Road Trip 2008 - Day Seven: Taos - Ojo Caliente Mineral Springs

Well, one things we learned quickly was that the Native Taosians love their roads au naturale, as in unpaved and bumpy no matter how steep or dangerous. We found this out the hard way on what was supposed to be a short relaxing drive to the Ojo Caliente Mineral Springs for a day of massages and relaxation.

We took what appeared to be the shortest route, that of "Highway" 567, which cuts across the Rio Grande south of Taos and heads due west toward the Springs. I put highway in quotes because while it is marked as such on maps, it is in fact nothing but a small, narrow, bumpy gravel road which switchbacks up the sheer cliffs of the Rio Grande. I referred to the drive from Colorado to Taos as "white-knuckled and scenic". This, however, was solely white-knuckled as my poor little Honda, even in its lowest gears, barely chugged up the steep inclines we found ourselves on. At one point as we faced a very sharp bend followed by an exceptionally steep climb, I confessed to Edie that I was more than willing to "turn back" (as if that were even possible). She thought it wise to press on and so we did, eventually reaching the top of the cliff. We were both hoping that the mineral springs exceeded their reputation for healing and relaxation, as we both were rather pale and wide-eyed from the drive. I've added some images of the so-called "highway" 567 below.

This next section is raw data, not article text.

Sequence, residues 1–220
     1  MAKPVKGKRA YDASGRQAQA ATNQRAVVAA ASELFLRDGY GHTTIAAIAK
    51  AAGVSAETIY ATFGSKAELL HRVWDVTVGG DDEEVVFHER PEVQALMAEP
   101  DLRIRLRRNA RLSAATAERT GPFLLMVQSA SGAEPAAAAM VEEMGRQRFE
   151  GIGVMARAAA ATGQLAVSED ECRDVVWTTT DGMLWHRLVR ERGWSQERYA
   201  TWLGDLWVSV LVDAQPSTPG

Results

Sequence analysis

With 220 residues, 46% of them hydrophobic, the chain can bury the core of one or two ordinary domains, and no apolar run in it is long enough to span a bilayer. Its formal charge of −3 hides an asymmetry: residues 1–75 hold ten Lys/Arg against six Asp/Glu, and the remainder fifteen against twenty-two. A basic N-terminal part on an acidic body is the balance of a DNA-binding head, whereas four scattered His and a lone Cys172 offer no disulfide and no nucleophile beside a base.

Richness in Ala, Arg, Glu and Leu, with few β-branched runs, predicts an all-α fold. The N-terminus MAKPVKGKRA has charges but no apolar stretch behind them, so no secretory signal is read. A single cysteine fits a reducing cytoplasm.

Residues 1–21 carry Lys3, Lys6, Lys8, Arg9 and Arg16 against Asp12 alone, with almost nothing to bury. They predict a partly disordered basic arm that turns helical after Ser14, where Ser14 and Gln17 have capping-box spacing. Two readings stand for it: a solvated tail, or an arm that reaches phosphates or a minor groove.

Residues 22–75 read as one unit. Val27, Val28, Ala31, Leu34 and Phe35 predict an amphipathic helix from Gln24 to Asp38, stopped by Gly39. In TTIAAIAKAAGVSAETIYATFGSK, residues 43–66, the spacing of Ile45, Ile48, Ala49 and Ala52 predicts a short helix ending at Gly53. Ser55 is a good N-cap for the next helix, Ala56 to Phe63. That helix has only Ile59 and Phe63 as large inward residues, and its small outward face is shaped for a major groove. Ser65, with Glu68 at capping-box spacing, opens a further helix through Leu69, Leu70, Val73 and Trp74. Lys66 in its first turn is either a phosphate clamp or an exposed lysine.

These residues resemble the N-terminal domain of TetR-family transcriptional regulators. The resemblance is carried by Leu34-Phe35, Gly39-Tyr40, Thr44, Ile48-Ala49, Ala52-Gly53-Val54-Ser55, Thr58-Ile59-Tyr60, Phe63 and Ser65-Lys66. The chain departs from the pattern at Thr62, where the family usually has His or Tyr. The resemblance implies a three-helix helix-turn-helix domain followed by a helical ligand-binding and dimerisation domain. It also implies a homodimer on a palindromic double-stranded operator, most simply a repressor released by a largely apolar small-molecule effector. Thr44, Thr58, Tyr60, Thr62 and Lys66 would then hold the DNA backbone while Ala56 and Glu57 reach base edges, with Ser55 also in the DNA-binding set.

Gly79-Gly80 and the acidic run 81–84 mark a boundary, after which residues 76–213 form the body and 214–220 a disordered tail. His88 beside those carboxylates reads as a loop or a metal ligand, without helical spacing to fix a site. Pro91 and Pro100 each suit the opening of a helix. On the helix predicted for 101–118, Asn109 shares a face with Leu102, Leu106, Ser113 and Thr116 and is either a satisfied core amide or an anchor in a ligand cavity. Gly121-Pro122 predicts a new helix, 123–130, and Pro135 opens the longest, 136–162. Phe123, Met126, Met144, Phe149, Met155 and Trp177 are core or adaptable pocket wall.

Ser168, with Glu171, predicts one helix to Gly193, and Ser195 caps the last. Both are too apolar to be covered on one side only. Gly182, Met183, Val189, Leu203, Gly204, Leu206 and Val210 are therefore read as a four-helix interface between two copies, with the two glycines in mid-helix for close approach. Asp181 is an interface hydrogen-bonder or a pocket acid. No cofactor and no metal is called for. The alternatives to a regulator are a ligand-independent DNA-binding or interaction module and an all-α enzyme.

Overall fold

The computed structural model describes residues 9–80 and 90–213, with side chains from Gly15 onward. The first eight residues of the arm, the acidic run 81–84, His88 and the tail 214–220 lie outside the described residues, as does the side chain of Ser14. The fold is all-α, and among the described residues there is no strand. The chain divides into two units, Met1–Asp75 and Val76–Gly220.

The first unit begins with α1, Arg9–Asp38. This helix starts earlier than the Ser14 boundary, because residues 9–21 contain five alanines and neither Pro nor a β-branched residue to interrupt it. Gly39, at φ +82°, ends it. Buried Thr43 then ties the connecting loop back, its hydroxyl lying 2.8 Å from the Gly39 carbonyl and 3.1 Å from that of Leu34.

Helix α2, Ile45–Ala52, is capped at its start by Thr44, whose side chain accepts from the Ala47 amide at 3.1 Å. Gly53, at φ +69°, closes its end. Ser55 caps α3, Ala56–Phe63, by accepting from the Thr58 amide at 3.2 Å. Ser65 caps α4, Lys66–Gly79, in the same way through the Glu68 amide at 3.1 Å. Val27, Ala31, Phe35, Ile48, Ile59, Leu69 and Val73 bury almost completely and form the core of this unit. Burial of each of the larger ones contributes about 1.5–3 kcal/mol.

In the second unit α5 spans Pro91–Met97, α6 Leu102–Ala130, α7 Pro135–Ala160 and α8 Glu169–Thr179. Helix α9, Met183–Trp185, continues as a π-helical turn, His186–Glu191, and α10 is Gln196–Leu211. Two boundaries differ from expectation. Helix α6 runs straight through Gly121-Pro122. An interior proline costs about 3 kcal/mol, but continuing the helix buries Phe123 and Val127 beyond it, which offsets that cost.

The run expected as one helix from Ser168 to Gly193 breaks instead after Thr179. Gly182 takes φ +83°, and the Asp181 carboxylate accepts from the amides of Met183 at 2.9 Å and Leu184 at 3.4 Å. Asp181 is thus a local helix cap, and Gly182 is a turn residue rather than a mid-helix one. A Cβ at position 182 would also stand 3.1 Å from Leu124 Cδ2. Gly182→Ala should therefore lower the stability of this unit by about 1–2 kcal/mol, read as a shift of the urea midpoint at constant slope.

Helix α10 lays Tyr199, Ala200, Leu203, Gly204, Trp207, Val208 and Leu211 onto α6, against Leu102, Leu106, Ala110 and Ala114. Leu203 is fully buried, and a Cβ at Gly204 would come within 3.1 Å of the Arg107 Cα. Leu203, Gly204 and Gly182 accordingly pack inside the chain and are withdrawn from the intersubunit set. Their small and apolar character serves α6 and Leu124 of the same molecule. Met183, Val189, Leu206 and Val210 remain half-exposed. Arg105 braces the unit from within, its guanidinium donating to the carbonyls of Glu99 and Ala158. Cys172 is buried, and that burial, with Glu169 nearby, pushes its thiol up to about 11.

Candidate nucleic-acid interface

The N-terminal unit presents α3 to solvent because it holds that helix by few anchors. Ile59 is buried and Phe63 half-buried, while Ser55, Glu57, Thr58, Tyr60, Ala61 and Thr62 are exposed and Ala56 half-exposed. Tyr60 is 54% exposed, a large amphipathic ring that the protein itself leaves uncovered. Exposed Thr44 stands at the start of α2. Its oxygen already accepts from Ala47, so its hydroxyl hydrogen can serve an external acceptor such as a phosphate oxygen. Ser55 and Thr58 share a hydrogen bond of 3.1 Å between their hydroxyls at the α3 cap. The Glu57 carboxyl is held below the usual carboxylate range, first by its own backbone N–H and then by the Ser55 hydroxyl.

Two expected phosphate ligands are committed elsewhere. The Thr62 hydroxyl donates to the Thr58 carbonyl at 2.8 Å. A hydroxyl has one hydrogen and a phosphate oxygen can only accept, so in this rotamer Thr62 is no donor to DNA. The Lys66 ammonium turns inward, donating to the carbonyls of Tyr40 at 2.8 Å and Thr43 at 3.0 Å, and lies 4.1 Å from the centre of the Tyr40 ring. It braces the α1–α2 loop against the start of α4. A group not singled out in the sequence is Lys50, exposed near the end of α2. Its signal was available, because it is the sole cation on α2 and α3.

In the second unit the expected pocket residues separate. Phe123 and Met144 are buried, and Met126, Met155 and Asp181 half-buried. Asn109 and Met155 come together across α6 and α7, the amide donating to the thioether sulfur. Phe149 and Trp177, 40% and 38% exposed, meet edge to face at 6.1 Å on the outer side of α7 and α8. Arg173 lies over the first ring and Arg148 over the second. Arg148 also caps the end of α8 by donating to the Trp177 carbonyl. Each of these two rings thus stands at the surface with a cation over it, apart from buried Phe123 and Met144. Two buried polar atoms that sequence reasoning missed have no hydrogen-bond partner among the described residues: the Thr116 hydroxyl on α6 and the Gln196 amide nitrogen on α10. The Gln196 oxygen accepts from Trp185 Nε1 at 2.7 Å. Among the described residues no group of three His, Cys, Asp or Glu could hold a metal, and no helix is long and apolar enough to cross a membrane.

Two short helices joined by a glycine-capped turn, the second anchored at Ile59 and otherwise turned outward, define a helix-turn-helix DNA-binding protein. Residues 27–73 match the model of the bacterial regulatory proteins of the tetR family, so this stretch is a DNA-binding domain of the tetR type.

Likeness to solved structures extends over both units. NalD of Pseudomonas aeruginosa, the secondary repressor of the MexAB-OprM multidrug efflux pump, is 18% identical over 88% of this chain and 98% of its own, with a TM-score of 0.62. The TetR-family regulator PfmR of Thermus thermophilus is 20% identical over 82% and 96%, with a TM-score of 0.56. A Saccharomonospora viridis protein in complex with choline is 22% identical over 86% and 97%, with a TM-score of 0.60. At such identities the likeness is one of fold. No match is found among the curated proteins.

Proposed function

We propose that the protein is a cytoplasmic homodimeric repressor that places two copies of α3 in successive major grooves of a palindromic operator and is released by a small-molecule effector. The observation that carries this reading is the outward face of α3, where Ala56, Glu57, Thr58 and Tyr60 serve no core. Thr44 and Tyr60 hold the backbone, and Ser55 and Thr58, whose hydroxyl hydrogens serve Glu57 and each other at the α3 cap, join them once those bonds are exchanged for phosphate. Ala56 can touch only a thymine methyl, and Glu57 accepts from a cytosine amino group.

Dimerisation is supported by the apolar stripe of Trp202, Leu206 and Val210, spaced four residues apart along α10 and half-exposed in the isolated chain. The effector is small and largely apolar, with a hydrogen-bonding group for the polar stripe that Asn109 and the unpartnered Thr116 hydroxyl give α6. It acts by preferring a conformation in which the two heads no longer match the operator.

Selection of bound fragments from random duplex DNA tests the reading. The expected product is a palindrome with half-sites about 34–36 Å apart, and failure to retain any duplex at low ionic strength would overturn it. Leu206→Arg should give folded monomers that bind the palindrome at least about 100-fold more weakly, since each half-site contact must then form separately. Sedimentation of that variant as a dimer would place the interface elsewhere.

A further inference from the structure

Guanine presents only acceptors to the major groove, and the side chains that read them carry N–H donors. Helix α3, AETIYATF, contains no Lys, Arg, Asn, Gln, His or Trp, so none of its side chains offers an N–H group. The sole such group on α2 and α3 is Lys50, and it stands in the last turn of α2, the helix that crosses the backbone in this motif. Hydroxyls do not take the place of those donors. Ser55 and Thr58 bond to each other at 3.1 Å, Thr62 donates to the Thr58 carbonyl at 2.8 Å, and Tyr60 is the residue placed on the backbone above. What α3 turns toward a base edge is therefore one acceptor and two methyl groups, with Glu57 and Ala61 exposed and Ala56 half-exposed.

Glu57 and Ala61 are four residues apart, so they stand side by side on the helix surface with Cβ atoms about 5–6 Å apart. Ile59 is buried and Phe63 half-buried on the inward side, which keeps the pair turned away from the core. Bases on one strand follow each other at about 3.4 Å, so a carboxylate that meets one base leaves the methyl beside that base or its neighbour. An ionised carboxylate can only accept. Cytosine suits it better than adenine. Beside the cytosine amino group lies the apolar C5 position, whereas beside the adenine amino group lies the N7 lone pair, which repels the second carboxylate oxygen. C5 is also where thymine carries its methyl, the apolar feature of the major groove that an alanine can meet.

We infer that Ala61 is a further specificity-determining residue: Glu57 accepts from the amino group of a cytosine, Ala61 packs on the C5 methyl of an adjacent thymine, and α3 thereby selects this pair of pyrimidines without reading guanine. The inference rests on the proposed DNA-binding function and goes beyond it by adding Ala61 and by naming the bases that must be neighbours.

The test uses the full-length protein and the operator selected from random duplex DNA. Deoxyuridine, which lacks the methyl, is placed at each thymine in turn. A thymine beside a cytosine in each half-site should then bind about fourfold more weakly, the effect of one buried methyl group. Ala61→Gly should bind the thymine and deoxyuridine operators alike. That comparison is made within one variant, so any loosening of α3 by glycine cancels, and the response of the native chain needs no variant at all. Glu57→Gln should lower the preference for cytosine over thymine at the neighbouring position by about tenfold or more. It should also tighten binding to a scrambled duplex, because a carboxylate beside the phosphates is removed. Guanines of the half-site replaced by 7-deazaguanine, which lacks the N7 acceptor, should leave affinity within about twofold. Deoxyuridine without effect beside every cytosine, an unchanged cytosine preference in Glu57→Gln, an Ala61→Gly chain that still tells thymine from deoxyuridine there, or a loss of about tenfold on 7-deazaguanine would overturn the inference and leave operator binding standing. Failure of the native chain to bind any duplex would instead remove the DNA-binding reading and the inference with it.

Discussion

The Ojo Caliente Mineral Springs has been a popular gathering spot for nearly 1000 years. First used by the Native American Tewa tribes, it later became a favorite location for the Spaniards in the 1500s. In 1886 a sanitarium was constructed and the spa became nationally renowned for its healing waters. Today it consists of 10 pools each with differing types of minerals and ranging in temperature from 80 to 104 degrees. Some are located in rock-hewn grottos while others are expansive outdoor pools. The variety of pools include: The Lithium Spring, the Iron Spring, the Soda Spring, the Arsenic Spring and the Mud Pool.

This was indeed a very relaxing spot and we made as much use of the various springs as time allowed us. Edie and I also got massages at the spa complex and then sat under a star-filled sky in our own private hot spring and kiva fireplace. Very romantic!

From Taos to Ojo Caliente:

Dirt Road to the Precipice (aka "Highway" 567):

Ojo Caliente Mineral Springs:

Onward to Day Eight: Taos - Rio Grande Whitewater Rafting

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